Killer Nashville 2020 and COVID-19
by Ray Peden
I first walked through the doors of the Hutton in 2012, introverted, intimidated, friendless, and unpublished. As an alumnus of 7 Killer Nashvilles, I’m still an introvert, but now I have two well-received suspense/thrillers published, made the short-list for a Claymore and Silver Falchion, been a contributor on numerous panels, gotten a powerful blurb from Clay and others, but most importantly, have slowly accumulated a growing stable of writer friends, all trying to tackle that daunting, elusive, hair-pulling, moving target we know as the @#$%^&* publishing business. My literary financial portfolio hasn’t changed much since I started, but the human experience has.
Armed with some strong anxiety meds (metaphorically speaking), I was looking forward to KN-2020, ready to multiply my friend count, but C-19 tells me otherwise. Bummer. But I’d much rather look forward to seeing comrades in 2021, healthy and brimming with enthusiasm, than chance it now. Not to mention I’m not particularly looking forward to saying goodbye to my family via Facetime with a tube down my throat.
Although it’s been batted around, the idea of a virtual conference doesn’t do KN justice. It’s been said by many that the informal gatherings in hallways, and more so at breakfasts and crowded after-hours round tables by the bar, anchored by tall tales, white lies, and alcohol, is where the real value of KN is spawned. After all—and this is not to diminish the deft organizing skills of KN staff—but these interpersonal exchanges are where the heart of Killer Nashville is most skillfully nurtured. I won’t say I have learned it all, nor that panels have no further value in developing my skills, but the luncheons, award banquets, and elsewhere is where the real value of a prestigious, successful, long-running writing conference shines. And so it is here.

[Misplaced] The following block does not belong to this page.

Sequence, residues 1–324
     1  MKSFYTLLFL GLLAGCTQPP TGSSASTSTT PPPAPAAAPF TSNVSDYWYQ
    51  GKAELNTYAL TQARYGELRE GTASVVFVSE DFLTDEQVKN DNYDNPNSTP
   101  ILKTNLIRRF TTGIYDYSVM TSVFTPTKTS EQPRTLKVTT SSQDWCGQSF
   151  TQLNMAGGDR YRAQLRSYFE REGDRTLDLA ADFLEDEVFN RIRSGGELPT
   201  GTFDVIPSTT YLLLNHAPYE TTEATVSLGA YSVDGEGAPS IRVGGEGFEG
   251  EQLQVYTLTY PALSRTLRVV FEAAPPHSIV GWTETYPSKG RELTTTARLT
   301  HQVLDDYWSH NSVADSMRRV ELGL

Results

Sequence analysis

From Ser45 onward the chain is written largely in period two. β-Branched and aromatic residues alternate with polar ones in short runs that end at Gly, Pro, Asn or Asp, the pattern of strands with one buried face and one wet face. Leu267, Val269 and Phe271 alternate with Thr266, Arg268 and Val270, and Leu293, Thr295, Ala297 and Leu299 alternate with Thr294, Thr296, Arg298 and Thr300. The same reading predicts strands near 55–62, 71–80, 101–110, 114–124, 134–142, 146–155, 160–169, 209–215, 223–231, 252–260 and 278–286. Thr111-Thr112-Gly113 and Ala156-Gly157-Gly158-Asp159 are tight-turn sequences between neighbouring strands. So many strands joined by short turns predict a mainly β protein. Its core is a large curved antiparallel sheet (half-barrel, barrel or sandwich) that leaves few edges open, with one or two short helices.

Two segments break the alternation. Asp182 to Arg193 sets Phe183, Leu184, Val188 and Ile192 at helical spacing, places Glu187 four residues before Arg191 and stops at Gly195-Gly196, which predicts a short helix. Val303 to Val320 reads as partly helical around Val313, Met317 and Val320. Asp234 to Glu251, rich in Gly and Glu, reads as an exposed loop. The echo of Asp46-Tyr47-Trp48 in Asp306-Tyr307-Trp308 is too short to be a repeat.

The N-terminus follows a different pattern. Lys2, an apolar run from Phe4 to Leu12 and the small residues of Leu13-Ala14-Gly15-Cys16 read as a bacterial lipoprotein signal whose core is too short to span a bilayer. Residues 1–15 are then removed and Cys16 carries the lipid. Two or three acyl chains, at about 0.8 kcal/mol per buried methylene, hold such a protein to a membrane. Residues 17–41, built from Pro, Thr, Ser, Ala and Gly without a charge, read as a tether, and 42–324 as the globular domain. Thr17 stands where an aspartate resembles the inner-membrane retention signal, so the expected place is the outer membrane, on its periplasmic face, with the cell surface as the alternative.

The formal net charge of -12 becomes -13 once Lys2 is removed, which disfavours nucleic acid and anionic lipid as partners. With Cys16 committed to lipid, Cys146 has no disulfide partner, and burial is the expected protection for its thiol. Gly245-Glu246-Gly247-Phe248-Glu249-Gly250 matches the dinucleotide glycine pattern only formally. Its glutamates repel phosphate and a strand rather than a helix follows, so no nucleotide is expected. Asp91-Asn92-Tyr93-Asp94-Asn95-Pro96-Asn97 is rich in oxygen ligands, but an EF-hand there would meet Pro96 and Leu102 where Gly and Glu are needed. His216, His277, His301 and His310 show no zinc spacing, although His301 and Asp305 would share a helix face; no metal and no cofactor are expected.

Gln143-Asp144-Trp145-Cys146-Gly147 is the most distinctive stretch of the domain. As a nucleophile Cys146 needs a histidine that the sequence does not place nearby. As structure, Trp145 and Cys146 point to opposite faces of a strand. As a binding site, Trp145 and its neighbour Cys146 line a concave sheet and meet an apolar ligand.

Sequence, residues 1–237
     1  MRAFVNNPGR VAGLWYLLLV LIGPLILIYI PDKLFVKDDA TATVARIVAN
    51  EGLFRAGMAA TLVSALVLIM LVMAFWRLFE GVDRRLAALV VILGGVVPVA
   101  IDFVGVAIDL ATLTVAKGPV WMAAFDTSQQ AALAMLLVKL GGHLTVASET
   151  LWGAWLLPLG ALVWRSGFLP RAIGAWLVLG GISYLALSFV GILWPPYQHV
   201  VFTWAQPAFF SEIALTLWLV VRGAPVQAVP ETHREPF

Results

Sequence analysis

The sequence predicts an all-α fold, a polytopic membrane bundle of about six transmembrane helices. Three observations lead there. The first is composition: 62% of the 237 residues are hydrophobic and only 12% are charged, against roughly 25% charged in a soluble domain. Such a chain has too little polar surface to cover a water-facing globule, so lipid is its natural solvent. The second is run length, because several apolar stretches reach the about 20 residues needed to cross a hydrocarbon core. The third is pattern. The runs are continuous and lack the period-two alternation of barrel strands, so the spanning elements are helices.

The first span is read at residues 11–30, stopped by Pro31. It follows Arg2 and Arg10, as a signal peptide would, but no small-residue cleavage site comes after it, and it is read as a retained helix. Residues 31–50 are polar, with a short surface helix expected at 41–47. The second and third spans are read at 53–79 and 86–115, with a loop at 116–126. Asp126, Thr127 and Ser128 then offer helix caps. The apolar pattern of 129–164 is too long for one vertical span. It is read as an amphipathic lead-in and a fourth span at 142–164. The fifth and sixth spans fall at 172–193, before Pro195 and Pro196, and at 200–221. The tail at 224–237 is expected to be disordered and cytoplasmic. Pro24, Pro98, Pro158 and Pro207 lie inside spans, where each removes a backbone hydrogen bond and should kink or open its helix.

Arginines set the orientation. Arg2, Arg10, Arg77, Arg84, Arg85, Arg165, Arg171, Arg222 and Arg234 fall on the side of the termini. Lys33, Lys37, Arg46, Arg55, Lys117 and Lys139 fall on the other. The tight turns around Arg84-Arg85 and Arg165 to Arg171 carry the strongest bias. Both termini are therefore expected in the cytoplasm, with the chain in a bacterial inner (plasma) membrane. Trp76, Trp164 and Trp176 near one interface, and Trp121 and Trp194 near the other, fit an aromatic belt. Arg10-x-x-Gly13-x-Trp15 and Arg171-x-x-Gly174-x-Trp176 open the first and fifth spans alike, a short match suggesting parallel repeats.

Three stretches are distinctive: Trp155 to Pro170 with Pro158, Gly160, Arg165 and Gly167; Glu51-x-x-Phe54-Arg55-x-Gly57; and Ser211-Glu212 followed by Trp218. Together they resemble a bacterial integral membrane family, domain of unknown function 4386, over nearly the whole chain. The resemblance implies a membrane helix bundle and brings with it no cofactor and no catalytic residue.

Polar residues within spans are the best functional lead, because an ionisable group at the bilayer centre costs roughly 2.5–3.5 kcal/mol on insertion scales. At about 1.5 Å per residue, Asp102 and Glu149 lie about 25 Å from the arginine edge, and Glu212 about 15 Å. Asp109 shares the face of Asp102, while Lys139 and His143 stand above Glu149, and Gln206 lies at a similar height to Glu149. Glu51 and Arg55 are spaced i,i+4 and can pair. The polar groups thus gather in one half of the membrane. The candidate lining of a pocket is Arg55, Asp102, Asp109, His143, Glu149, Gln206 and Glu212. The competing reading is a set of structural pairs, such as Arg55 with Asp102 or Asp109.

So, to this end, I offer my sad regrets for this year and look forward to seeing everyone next year, God willing, and the creek don’t rise. My book 3, The Bourbon Conspiracy, needs my full attention. Cheers, Clay. You made a tough decision, but the right one. One that all of us, expressed or not, understand.
Ray Peden took a slight detour from the creative pleasures of his youth and molded a 43-year professional career, not as a writer, but as a Civil Engineer, General Contractor, Home Builder and Designer, Land Developer, and Public Relations Copywriter.
Along the way he found time for other pursuits: magazine editor, R&B guitarist, painter, cartoonist, drill sergeant, carpenter, stone mason. Throw in three ex-wives, three amazing daughters, four grandchildren and counting, and it was time to retire to a new career, the thrill-a-minute life as a novelist, counting bodies, conspiracies, and emotional conflicts while he sips bourbon and watches the Kentucky River roll by. Visit him at https://www.writerontheriver.com/.